BoB Curated Playlists

Bill Douglas, a Film Artist
Dr Phil Wickham, University of Exeter

Bill Douglas, Cinema Now (BBC1, 1973)


Bill Douglas was a unique and distinctive filmmaker. His career began in his late 30s and he was only able to make a small body of work before his untimely death in 1991 but the films he was able to make have left an indelible impression on the audiences lucky enough to see them. The three films known as The Bill Douglas Trilogy; My Childhood (1972), My Ain Folk (1973) and My Way Home (1978) are inspired by his own deprived childhood in a mining village in Scotland but present a stunningly intense, poetic view through its child protagonist Jamie’s eyes before he finds a happy ending, in one of cinema’s most redemptive closing moments. Douglas was working at a difficult period for the British film industry and his uncompromising vision meant that he found the process of filmmaking, with its compromises and disappointments, ‘an agony’, according to his friend Peter Jewell.

Another aspect of his art, that provided a solace from the stresses of the film industry, was the collection of moving image artefacts that he assembled with Jewell. After his death this collection became the basis of The Bill Douglas Cinema Museum, which is based at the University of Exeter This shows the depth of his fascination with cinema and the optical media that preceded it and is, as he wished, free and open to all so that they can experience the wonder of the image in the same way that he did. The earlier artefacts also play a role in Douglas’s only other film, his 1987 epic about the Tolpuddle Martyrs, Comrades, which is available in this playlist. The cinema artefacts stand as a metaphor for new ways of seeing the world, just as the martyrs did at the beginning of Britain’s trade union movement.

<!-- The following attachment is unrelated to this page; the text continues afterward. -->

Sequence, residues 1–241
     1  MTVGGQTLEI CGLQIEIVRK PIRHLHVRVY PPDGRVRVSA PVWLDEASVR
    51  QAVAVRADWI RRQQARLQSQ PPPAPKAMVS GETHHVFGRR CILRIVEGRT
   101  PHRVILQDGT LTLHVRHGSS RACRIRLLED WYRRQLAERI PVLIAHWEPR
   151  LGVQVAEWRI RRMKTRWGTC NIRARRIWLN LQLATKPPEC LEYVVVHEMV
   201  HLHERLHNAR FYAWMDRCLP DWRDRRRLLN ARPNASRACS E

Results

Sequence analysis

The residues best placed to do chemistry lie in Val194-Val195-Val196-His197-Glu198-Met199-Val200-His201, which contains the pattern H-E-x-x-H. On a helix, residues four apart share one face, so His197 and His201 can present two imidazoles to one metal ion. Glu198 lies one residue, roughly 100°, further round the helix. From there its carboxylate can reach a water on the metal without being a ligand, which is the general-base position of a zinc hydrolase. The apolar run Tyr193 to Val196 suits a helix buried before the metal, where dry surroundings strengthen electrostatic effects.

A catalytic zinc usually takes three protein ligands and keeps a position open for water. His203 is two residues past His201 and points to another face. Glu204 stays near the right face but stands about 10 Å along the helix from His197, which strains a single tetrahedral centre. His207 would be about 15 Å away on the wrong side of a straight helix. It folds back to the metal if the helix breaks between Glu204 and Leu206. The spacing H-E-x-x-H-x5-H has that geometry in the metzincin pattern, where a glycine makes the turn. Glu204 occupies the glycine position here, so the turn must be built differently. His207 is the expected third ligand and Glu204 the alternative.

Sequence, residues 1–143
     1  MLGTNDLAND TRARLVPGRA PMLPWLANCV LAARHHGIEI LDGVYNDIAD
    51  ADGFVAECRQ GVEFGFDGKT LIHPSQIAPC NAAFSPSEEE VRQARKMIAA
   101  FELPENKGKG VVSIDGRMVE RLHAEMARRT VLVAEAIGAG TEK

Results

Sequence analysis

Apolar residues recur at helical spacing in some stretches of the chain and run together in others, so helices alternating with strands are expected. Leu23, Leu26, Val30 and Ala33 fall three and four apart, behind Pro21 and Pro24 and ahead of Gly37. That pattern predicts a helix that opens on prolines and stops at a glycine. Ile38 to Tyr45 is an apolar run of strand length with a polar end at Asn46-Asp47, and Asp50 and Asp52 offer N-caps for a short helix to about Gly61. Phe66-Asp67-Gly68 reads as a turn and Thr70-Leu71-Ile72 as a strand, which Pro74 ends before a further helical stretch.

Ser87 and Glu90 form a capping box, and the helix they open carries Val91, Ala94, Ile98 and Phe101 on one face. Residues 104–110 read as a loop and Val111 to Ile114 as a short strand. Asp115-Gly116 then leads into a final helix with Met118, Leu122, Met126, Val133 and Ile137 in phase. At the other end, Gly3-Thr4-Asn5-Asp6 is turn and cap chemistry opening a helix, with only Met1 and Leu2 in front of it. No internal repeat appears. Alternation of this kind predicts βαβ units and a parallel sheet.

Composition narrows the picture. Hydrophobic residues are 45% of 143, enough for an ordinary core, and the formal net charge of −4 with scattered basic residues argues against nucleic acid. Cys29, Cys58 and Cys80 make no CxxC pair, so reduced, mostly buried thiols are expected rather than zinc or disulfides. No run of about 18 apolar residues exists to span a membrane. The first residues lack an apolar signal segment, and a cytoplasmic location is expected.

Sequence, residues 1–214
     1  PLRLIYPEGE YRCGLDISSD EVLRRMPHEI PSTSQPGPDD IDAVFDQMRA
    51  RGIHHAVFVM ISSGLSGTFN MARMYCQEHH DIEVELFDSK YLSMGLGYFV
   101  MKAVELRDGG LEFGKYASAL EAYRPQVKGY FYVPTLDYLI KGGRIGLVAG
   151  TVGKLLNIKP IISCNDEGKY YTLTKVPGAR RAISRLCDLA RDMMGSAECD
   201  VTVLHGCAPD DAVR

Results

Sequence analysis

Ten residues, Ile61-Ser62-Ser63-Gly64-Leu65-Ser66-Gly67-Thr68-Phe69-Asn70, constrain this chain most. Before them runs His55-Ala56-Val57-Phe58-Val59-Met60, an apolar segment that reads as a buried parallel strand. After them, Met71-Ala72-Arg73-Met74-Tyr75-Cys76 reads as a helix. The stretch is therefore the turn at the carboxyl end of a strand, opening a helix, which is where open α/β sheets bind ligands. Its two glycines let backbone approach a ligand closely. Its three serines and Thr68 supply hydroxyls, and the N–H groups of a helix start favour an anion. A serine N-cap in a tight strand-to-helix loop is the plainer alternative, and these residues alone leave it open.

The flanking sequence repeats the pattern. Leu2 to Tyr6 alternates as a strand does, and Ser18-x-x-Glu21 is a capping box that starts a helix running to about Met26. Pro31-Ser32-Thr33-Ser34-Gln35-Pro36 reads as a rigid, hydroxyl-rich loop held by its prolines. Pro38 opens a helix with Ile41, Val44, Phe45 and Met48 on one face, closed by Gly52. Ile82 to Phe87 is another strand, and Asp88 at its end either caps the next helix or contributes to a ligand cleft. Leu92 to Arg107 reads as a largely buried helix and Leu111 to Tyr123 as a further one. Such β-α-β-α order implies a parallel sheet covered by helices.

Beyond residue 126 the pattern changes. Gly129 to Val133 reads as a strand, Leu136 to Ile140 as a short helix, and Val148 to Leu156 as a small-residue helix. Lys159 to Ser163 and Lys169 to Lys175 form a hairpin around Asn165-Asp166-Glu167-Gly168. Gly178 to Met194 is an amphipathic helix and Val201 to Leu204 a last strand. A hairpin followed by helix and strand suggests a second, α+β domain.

This playlist gives a taste of this extraordinary filmmaker and his passion for the power of the image. It shows some contemporary documentary material on the making of the films and rare clips and interviews from the BBC Digital Archive. Some programmes feature the collection of artefacts which can be found at the museum, and include Peter Jewell talking about how they put it together. We hope you enjoy it.


Dr Phil Wickham, University of Exeter


  • Film Studies


film artists, moving image artefacts, cinema museums

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